Michelle Hicks, female civil engineer, smiles at the camera in a theme park

Michelle Hicks

Michelle grew up near Portsmouth and since she was 12 has loved rollercoasters. Now she works as a Project Manager at Chessington World of Adventures Resort, creating rides and attractions for the Surrey theme park and zoo.

Female civil engineer stands next to a roller-coaster
Twisting roller-coaster
Log flume theme park ride
Female civil engineer designs theme park rides on a computer

Michelle’s favourite rollercoaster is Nemesis at Alton Towers Resort. She loves how the scenery creates near misses to make an adrenaline filled experience for those on the ride. When she was at school, Michelle went to a lecture about rollercoaster design and realised that engineering would let her design the rides she loved.


Michelle decided to study civil engineering at the University of Surrey. She worked on bridge design and railways before finding a job at a theme park and zoo. In her job at Chessington World of Adventures she manages projects from start to finish, from design, to construction and testing before opening to guests. Michelle describes her job like being a conductor of an orchestra – making sure all the parts come together for a great experience.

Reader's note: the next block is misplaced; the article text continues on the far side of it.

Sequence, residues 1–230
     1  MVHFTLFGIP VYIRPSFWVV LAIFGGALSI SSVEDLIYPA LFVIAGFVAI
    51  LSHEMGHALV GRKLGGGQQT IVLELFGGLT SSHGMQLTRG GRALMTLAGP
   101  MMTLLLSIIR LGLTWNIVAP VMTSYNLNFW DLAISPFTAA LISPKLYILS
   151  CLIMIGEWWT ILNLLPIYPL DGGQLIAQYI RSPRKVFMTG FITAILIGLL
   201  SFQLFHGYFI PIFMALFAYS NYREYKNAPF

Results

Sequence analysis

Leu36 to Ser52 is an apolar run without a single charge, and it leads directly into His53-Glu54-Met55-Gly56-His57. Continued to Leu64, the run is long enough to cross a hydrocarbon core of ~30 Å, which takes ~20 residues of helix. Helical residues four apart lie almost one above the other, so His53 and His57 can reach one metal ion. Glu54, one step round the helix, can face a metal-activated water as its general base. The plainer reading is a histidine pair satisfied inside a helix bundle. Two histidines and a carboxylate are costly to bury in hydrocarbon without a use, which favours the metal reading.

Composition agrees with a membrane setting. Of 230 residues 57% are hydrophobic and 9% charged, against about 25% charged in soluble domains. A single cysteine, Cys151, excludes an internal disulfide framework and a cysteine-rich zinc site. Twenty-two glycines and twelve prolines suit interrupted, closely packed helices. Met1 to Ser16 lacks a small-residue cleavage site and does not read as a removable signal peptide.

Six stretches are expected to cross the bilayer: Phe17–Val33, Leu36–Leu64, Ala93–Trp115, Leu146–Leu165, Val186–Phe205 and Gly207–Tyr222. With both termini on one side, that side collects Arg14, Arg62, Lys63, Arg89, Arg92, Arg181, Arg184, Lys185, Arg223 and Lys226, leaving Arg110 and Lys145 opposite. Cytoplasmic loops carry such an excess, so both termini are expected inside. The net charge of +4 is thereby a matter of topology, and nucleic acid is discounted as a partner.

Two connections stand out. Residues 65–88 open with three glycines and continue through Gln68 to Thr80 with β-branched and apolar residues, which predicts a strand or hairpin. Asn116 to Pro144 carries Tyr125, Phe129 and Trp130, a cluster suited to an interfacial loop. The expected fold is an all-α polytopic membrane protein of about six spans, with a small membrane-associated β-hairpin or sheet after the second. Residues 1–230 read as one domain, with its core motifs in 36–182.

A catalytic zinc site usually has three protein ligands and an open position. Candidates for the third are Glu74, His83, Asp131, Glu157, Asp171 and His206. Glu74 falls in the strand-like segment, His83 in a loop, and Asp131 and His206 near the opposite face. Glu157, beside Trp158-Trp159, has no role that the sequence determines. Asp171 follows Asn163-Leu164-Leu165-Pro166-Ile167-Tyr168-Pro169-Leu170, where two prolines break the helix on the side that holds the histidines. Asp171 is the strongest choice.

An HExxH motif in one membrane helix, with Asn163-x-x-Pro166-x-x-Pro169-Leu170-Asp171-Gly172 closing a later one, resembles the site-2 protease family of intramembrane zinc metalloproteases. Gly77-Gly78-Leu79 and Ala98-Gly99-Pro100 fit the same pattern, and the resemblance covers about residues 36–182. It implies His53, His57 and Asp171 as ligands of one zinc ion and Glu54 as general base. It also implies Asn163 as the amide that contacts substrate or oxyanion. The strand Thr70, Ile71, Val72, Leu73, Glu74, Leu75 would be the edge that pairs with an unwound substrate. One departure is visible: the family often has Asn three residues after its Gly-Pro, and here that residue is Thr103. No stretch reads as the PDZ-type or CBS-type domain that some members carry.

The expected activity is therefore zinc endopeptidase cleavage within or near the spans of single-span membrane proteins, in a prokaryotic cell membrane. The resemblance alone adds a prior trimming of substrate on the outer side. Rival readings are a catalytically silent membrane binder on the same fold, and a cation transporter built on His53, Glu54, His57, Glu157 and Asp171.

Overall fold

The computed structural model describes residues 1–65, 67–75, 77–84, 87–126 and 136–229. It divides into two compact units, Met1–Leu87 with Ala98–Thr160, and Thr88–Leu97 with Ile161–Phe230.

She has worked on water rides, animatronics and walk-through attractions with custom smells and special effects. She gets to learn something new every day. Every ride and attraction should be new and exciting, so Michelle helps develop new ways to keep the fun going. She is excited about how Augmented Reality (AR) and Artificial Intelligence (AI) will shape theme park rides in the future.


Michelle admires John Wardley, the rollercoaster designer for Nemesis and Oblivion at Alton Towers. He has also worked on the video game Rollercoaster Tycoon 3 and was involved in designing the original attractions for Chessington. Michelle has now worked on projects redeveloping some of his creations – making her mark for future adrenaline junkies.


Her biggest engineering challenge so far was building a 50-foot tiger head over a log flume ride, Tiger Rock. The ride drops over a waterfall that is surrounded by tiger enclosures, so she had to include calculations in the design for how far tigers could jump! She finds it rewarding that she also gets to design new homes for animals as part of her work.


Michelle’s favourite thing about her job is seeing the reactions of guests who’ve experienced her creations – if they are smiling she knows that what she has designed is fun and the project has been a success!

Where to next?

Find out more about how you can turn what you love into engineering, and what a future in engineering could look like, by exploring the links below. And if you have a question or comment, get in touch, we’d be happy to help!